Adoption Controversy

Lost Daughters: Why Adoptive Parents need to stop blogging about adoptees

TracesBookFINAL.inddBy Lara/Trace

On occasion I write a post on the Lost Daughters blog. In the past week, I had more than one friend send me a blog that was created by an adoptive parent that showed photos and personal details about young adoptees.  So I asked some of the Lost Daughters, who are adult adoptees, to send me links to posts that refer to APs who blog about their adopted children.

Here is the link to my post on Friday:  http://www.thelostdaughters.com/2014/10/why-adoptive-parents-need-to-stop.html

I added a few comments this morning like this:

I am reading these comments Kristi and others. Thank you everyone.
First and foremost, there isn’t a BLOG POLICE. This post is my opinion. In 2010, I was very surprised to hear this discussion from adoption professionals on blogging about adoptees in particular. I had not considered this myself.
Since 2009, I read blogs every day because I blog myself. When I was doing research back in 2004, the adoption industry had, hands down, controlled the adoption industry with books on how to adopt. There were 5,000+ books on adoption on Amazon and the majority were written by and for the adoption industry.
Then blogs and websites kicked off. Again, the majority of blogs were written by APs and adoption professionals. They dominated the discourse until blogs like Lost Daughters and Lost Mothers arrived.
Obviously propaganda is about managing public information, as adoption is a billion dollar industry and looks to recruit more parents to adopt, steering people to believe in the benevolence of adoption, to keep their income stream. I still find blogs about APs who just adopted and are fundraising again. It’s growing – not slowing – as a phenomena.
What deeply concerns me, as an adoptee, is you can find a blog by a blog address and date, years later. If you have adopted a child, these posts can be read by their peers and strangers. What APs do in offering personal details and their opinions, these are available for anyone to read, not just adults.
A blog post is a pulpit, a one-way conversation (until comments). APs may quote their children but that is not the same as consent.
Further expansion of blogs, especially by parents, is a deep concern to me and many others.
Should any child be exposed to public scrutiny?

Then the APs started to unleash on Facebook: (this is one thread)

https://www.facebook.com/AdopteeRestoration/posts/659035624211824  Post by Adoptee Restoration.

I am not hurt that adoptive parents are calling me names — then telling me they have every right to post whatever they want about whomever they want whenever they want. That is their prerogative.  But as an adoptee, as I wrote in the post, I would have blown my lid if I had found personal information about my childhood on a blog.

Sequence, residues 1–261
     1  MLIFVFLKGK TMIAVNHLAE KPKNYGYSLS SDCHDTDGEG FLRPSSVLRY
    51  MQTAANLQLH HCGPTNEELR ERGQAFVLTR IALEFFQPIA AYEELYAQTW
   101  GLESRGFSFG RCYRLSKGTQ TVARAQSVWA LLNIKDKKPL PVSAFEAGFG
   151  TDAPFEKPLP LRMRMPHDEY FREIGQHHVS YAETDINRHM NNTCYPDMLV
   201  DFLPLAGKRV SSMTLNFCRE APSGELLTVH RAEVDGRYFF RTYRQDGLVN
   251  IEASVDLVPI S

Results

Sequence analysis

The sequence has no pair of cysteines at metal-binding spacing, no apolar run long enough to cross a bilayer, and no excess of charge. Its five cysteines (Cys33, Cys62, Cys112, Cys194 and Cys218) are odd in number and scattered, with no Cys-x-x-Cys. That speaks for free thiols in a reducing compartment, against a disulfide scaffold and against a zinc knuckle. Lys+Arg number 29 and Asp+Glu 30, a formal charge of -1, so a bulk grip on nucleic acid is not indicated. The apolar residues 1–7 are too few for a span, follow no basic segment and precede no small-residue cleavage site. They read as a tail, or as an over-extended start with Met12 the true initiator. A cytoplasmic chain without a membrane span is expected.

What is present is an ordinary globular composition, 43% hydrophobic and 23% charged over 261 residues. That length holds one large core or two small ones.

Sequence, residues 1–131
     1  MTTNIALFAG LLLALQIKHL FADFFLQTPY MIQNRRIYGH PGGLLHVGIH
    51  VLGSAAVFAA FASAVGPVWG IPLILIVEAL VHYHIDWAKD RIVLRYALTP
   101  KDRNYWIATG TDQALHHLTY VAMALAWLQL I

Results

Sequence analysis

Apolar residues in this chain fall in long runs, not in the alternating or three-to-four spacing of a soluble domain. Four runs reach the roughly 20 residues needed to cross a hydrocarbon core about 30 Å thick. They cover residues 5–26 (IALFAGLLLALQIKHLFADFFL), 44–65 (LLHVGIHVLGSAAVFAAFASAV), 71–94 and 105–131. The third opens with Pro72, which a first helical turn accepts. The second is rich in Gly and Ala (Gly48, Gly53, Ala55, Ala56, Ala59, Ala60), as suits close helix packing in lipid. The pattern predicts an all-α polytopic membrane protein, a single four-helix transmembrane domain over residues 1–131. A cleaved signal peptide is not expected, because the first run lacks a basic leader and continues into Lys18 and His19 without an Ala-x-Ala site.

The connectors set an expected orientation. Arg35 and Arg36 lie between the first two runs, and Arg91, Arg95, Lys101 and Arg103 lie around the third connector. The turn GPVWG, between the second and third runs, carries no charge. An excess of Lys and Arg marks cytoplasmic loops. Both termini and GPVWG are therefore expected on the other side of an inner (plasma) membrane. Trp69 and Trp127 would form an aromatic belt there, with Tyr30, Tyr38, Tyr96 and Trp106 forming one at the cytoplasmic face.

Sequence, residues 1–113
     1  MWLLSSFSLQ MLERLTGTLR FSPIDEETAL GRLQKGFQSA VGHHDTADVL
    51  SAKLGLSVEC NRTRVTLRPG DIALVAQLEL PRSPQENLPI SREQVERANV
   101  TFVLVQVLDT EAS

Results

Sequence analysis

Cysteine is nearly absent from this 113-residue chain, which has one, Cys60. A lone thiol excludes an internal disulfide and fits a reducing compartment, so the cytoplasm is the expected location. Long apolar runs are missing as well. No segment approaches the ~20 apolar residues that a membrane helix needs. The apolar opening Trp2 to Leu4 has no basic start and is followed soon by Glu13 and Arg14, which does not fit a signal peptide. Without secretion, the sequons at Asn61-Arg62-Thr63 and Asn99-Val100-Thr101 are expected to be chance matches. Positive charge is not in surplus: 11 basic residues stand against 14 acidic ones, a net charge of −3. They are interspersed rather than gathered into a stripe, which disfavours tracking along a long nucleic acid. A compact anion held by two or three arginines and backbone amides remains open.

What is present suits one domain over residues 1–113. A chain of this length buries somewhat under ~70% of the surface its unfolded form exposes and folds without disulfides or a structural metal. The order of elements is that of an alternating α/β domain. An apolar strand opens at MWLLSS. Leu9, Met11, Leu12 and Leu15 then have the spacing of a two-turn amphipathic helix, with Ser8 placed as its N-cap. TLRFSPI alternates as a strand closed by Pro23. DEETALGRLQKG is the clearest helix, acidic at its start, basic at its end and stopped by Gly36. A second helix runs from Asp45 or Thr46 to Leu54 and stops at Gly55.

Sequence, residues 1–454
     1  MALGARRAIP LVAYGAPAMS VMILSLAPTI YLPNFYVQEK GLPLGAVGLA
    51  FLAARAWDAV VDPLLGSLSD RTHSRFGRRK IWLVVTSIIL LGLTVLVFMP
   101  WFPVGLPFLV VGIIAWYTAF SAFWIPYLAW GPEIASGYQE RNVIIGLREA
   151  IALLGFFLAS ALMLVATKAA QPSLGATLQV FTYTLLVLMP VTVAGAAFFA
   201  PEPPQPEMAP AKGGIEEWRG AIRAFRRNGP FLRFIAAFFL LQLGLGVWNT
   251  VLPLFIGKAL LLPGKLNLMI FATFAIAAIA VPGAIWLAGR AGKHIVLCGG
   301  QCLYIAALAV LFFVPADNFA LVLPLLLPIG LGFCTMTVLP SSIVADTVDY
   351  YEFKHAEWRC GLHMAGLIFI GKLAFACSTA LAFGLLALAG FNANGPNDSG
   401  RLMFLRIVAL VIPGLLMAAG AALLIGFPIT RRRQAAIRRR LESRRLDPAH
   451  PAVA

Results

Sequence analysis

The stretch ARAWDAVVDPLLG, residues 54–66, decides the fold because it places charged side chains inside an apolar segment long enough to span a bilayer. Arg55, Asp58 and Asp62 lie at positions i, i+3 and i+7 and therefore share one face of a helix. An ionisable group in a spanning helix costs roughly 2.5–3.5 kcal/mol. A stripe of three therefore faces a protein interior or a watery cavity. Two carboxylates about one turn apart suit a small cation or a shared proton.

I would have felt more betrayed and violated than hurt. I would have felt owned.

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6 thoughts on “Lost Daughters: Why Adoptive Parents need to stop blogging about adoptees

  1. WOW. I am so grateful to have read this post. I have done one post each about something my two adult children are currently doing. I will never do it again. Just the possibilty of making them feel used like this stops me in my tracks and I am not an AP. I actually never thought of the perspective you bring up, but it clicks and makes perfect sense. Maybe the bottom line is that the parental relationship is uber sensitive and parents need to be oh so cautious about living, writing or talking through their children. Thank you so much for increasing my sensitivity. The bottom line for me as a person and parent? If it even potentially violates a persons sense of privacy, I personally won’t do it anymore. I also don’t generally enjoy reading Mommy blogs. Maybe this is why. I always thought it was just because mother’s can be so subtly competitive with each other through their children. Live, blog and learn! Thank you. ❤

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    1. Thank you Cindy for sharing your thoughts. This post and the earlier post on Lost Daughters was written to help people think and consider others before the post is blogged. Privacy for minors is serious business. I may mention my granddaughter on a rare occasion but I would never share her photo or personal details. When she is an adult, she can decide for herself what to blog and share with the world. ❤ to you!

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  2. The full exposure some adopters give to adoptees is seriously wrong and abusive. Some of you might remember the ‘Potty Wars’ and the ‘Slant Eyes Fiasco’ when adoptive mothers were adamant that their right to write whatever they wanted trumped the rights of children. Many claim they are not racist or abusive and that adult adoptees are over-sensitive and need to get a life, be prayed for or learn to be grateful. They pretend to pity us for our sad lives and state that their adoptees do not suffer and will not as we have. They know so little of the trauma of adoption and do so little to protect those they have adopted from further trauma. Anything posted is forever available and will undoubtedly be used by someone somewhere to bully, castigate, abuse etc because that sadly is the down side of our social media. Anyone who overlooks this is either naïve, stupid or deliberately abusive.

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